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Map Maker Biography: Johannes Janssonius (1588 – 1664)

Renowned 17th century cartographer, publisher, engraver and entrepreneur Johannes Janssonius (Jan Jansson in English, Jan Janszoon in Dutch), was born in Arnhem, Holland in 1588 to a family of well-known publishers and booksellers. At the age of 24 he made a brilliant marriage to Elizabeth de Hoondt (Hondius), daughter of Jacobus Hondius, thus becoming a member of one of the most illustrious families of Western European cartographers and mapmakers of his day. On marrying, he moved to Amsterdam and took up the profession of book publishing. Within a few years Jan had joined the ranks of his in-laws and in 1616 began publishing maps himself, his first being of France and Italy.   

In 1627 he became a widower, and following the death of Elisabeth Hondius he married Elisabeth Carlier in 1629. Despite the death of his first wife, he stayed in business with her family and in the early 1930s he formed a partnership with his former brother-in-law Henricus Hondius. The new business venture they formed soon began publishing atlases under the name of  Mercator/Hondius/Janssonius.  Janson was not only a talented publisher and cartographer, but was possessed of natural business acumen and as director of the publishing enterprise the atlases were soon expanded, and renamed Atlas Novus.

By the age of 35 he had begun buying bookstores in western Europe, eventually owning a number of them in cities such as Frankfurt am Main, Danzig, Stockholm, Copenhagen, Berlin, Königsberg, Geneva and Lyon. The shops were natural sales outlets for his publishing enterprises. The Atlas Novus was published in three volumes in 1638, with one dedicated to Italy alone. County maps of England were the topic of his fourth volume, published in 1646.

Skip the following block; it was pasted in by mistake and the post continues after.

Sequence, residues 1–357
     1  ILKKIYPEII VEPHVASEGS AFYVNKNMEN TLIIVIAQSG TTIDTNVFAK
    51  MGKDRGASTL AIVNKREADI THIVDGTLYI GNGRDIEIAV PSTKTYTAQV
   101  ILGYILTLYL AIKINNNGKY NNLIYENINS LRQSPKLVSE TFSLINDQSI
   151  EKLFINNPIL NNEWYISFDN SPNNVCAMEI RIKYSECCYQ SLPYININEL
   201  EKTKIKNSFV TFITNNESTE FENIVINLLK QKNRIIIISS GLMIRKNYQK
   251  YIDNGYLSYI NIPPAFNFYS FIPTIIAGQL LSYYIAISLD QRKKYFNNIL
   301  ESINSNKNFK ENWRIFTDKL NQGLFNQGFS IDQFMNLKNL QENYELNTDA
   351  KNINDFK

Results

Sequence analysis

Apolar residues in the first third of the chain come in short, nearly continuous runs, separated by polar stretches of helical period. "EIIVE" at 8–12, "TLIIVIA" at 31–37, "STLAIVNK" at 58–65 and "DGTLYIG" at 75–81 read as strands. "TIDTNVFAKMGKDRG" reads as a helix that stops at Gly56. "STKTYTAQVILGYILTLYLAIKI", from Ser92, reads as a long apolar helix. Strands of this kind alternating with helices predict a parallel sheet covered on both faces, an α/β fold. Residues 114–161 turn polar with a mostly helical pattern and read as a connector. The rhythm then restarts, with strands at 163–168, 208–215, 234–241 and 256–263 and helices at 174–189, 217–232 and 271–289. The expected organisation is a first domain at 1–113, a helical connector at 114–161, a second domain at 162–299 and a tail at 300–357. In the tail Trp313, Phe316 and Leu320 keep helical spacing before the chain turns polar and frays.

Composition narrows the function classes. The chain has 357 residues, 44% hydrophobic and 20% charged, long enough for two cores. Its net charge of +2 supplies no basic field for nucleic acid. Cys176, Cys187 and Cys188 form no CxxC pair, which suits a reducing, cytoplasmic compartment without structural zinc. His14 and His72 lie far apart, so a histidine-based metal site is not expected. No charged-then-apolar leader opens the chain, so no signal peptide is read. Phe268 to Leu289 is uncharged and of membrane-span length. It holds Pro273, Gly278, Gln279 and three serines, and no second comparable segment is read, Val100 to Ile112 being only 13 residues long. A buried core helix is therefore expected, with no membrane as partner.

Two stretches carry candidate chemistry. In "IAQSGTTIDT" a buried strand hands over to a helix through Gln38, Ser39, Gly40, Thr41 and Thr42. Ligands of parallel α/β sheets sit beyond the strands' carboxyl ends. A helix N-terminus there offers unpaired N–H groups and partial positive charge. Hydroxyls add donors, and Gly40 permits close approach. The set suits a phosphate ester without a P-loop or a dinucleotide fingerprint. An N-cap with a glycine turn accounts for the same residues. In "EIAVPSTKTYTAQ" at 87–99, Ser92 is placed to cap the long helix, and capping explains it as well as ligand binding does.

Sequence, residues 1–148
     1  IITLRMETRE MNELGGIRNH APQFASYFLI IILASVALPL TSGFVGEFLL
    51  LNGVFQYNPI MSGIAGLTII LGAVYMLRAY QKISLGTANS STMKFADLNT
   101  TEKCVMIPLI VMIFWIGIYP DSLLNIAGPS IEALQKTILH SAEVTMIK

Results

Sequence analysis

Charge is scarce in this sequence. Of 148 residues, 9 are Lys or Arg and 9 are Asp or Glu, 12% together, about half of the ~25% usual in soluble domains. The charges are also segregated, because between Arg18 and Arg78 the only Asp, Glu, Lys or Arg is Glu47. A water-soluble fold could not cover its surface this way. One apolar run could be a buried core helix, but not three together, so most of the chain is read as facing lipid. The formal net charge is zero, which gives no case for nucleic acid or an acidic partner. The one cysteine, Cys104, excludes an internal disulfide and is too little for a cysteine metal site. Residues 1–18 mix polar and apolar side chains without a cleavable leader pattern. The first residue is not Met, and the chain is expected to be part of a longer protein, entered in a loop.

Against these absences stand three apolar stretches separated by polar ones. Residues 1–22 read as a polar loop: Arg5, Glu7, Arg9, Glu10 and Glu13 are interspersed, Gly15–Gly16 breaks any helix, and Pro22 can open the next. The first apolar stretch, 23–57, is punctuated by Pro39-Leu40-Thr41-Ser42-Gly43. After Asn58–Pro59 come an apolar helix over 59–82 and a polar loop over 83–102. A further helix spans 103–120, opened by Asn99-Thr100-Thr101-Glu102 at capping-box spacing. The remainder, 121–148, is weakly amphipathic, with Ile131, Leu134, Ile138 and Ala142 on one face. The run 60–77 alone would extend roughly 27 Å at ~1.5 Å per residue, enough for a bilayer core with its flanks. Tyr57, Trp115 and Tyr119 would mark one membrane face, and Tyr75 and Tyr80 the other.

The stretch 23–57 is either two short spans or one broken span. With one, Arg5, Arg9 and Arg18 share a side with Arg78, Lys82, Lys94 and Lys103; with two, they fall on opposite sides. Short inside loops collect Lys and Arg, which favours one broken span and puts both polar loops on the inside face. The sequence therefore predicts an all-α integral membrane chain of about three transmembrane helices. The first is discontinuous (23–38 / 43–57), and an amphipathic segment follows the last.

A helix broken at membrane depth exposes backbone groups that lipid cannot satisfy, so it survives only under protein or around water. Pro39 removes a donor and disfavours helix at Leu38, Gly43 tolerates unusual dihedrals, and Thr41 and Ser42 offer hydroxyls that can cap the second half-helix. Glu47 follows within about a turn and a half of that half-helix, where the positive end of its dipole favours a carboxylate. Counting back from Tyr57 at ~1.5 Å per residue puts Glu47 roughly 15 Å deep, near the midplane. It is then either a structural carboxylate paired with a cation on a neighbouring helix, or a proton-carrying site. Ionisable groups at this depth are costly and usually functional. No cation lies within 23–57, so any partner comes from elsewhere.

Rivalry amongst cartographers was strong, and in his early atlases Janson was sometimes accused of plagiarism of works by Joan Blaeu. However many of his maps are of entirely different regions and actually predate many of those published by Blaeu.

The atlas finally became known as Atlas Major, and by 1660 there were eleven volumes containing contributions by more than a hundred well-known authors and engravers. There was a Townatlas which claimed to describe most of the known cities of the world, an Atlas Maritimus mapping oceans and seas and including 33 maps, and an atlas of the Ancient World, with 60 maps depicting various historical periods and the kingdoms and regimes which ruled over them.

The final volume was a cosmographical supplement called Atlas of the Heavens, containing masterful, beautiful, often stunning cosmographical works by Andreas Cellarius. The atlases were published in various languages, including Dutch, Latin, French, and German. Enjoy some maps from various atlases of Johannes Janssonius.

1636 America Septentrionalis by Jan Jansson

1635 Americae Pars Meridionalis Jan Jansson

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